AC4D  design library use cases scenarios
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AC4D design library use cases scenarios

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    AC4D  design library use cases scenarios AC4D design library use cases scenarios Presentation Transcript

    • Use Cases & Scenarios Matt Franks Professor, Austin Center for Design
    • Use Case A description of steps or actions between a user and a system, which leads the user towards something useful (a goal).
    • Use Case A description of steps or actions between a user and a system, which leads the user towards something useful (a goal). The user or “actor” might be a person or something more abstract, such as an external software system or manual process.
    • Use Case A description of steps or actions between a user and a system, which leads the user towards something useful (a goal).
    • Use Case A description of steps or actions between a user and a system, which leads the user towards something useful (a goal). Use cases treat the system as a black box. The system is considered to technically work, but we don’t particularly care about how it works. This forces a consideration of value from the perspective of the user, rather than implementation or technical feasibility.
    • A Use Case Should: •  Describe what the system should do to support the user as they achieve their goals. •  Avoid implementation-specific language (nothing about how it’s done) •  Be written at an appropriate level of detail •  Abstract away form elements, user interfaces, screens, or more specific implementation details. These details will be added in later.
    • Developing Use Cases Use an iterative process; use cases will be continually refined and edited through life of the project.
    • Creating Use Cases 1.  Identify “actors” – all of the people / systems / entities that will be using the system. Label them as primary or secondary actors. For Example: Creating an Online Payment Platform Primary Actors: Payer Recipient Secondary Actors: Bank CC Company 8
    • Creating Use Cases 2.  Identify primary use cases ( also known as “sunny day” or “happy path”) Image all is well in the world, and your users are able to successfully complete the key tasks they are trying to accomplish with your product. Think about what the user is trying to accomplish, and use user language rather than system language. For example: Users do not approach a system with the goal of “Managing their account”. Rather, they almost always have a more direct human goal – “Check my balance”, “Get some money”, etc. 9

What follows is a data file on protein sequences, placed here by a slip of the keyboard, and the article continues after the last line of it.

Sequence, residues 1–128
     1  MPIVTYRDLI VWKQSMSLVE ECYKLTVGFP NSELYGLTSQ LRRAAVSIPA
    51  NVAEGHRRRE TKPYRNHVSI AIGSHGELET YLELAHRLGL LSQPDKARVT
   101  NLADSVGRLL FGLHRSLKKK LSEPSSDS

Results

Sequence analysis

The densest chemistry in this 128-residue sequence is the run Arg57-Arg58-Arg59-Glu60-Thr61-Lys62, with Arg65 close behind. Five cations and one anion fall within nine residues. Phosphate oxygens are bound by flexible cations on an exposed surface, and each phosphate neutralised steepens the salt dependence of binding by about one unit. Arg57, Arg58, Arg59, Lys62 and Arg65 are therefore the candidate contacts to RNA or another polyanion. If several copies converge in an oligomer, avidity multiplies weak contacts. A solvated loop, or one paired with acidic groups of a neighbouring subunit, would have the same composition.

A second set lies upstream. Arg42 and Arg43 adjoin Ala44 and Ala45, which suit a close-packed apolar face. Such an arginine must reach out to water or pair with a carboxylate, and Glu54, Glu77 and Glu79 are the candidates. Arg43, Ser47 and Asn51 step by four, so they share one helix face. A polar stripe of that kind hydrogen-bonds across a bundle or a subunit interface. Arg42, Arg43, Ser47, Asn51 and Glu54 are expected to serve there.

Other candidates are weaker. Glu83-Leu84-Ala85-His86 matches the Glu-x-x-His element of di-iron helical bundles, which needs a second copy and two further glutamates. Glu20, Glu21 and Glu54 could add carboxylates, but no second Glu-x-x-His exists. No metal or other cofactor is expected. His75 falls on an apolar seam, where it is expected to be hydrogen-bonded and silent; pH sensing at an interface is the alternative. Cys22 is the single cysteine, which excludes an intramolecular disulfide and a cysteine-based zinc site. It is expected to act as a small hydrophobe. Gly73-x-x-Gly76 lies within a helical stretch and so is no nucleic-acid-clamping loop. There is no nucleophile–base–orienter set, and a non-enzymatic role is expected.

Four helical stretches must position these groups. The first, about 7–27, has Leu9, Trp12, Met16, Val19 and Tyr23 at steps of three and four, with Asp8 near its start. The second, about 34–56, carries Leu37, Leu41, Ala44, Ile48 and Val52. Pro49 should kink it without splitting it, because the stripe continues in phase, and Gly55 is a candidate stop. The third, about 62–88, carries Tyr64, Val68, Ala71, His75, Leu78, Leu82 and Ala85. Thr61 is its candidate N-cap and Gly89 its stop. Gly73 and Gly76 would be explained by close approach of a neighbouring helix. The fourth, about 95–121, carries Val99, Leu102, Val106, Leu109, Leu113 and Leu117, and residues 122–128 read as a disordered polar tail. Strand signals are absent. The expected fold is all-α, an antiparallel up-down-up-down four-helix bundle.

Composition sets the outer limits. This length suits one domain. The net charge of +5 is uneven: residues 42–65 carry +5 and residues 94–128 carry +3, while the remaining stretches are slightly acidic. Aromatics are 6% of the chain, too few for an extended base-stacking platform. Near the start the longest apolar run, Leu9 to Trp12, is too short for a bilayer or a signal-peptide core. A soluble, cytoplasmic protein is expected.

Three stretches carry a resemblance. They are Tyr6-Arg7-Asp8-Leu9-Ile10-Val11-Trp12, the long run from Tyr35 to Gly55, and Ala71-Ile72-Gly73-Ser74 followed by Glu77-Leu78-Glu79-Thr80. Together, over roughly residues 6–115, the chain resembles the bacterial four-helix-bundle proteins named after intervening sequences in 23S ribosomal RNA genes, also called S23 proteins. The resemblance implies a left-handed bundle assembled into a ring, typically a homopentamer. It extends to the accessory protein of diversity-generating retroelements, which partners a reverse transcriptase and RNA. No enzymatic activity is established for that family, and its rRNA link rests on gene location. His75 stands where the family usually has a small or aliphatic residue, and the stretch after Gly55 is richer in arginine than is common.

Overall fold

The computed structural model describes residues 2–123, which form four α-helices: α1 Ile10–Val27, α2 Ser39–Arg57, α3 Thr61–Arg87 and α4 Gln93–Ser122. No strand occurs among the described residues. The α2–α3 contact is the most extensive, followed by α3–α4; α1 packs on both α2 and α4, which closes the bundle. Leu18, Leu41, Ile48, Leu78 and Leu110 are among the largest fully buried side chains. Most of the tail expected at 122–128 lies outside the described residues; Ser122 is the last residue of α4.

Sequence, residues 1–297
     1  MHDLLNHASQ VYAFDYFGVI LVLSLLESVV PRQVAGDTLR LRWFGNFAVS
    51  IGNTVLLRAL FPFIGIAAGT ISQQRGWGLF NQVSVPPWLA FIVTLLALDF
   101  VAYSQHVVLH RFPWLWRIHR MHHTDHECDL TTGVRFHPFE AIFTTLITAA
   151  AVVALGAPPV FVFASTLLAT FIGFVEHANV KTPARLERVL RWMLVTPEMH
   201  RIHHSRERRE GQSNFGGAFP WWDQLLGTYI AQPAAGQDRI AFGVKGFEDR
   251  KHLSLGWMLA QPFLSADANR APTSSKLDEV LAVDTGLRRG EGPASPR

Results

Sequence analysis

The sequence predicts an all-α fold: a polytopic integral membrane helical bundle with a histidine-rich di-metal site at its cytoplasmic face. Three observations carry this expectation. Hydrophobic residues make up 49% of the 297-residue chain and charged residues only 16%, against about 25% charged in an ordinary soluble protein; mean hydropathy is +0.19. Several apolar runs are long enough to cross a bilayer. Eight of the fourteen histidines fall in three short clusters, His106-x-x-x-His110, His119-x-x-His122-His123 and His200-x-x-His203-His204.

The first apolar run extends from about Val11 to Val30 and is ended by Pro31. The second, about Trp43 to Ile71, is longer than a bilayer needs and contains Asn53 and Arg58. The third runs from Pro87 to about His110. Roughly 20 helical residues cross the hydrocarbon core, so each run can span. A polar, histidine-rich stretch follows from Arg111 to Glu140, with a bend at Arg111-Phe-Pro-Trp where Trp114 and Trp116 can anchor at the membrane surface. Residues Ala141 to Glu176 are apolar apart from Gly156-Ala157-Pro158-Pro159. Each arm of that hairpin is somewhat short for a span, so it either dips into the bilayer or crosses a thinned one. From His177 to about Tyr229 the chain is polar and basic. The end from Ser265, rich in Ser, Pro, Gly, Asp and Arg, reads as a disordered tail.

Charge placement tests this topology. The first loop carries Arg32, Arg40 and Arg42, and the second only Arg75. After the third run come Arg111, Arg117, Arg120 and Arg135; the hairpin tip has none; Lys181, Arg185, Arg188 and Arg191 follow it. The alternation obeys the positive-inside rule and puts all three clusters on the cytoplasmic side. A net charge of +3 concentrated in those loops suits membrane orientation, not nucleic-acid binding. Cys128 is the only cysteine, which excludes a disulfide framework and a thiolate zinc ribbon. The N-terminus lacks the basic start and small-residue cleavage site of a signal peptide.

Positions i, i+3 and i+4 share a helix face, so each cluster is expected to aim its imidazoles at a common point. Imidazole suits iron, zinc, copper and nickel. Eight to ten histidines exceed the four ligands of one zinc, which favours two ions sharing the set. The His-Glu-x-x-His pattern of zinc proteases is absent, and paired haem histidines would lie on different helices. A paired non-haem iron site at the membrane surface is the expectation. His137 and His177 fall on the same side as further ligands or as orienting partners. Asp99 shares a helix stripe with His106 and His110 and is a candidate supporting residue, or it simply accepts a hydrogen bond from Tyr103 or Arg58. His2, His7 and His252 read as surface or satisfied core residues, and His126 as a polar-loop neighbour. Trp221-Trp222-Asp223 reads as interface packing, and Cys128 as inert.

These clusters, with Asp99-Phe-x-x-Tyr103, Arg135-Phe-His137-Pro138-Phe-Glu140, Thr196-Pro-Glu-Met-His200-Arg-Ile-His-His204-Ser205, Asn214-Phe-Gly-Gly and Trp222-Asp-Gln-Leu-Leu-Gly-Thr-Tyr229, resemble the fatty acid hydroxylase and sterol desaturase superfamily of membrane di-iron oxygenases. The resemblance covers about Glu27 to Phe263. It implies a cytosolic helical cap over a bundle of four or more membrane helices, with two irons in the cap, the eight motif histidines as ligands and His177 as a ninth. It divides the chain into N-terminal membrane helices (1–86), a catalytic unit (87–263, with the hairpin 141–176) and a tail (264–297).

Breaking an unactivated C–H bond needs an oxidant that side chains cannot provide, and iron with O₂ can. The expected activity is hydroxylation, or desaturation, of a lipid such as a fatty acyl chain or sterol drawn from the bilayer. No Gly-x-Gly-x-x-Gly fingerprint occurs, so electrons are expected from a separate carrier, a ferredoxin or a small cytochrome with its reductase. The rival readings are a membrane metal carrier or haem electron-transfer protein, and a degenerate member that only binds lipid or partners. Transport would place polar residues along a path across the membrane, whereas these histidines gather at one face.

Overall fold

• Creating Use Cases 2.  Identify primary use cases, continued For Example: Creating an Online Payment Platform Primary Actors: Payer Recipient Payer Use Cases: •  •  •  Create Account Send Payment Check Payment Status Use the 80/20 rule – if you write an exhaustive list of all possible use cases, typically 20% of these will account for 80% of the activity. The other 80% of the use cases would support 20% of the activity. 10
    • Creating Use Cases 3.  Identify edge cases (also known as “rainy day”). An edge case is a problem or situation that occurs only at an extreme operating parameter, generally with limited frequency. It can break an otherwise good experience. For Example: Creating an Online Payment Platform Primary Actors: Payer Recipient Payer Edge Cases: -  -  -  Cancel a Payment Report a False Charge Retrieve Lost Username or Password 11
    • Creating Use Cases 4.  Create a use case visualization. Use case diagrams are used to represent the functionality of your system from a top-down perspective. The system’s functionality is obvious at a glance, but all descriptions are at a very high level. Use case diagrams have 4 components: •  Actors interacting with the system or product •  The system or product itself •  The use cases the system or product is able to support •  The relationships between these components 12
    • Creating Use Cases 4.  Create a use case visualization, continued Create the use case diagram – Outline and label the actors Payer System 13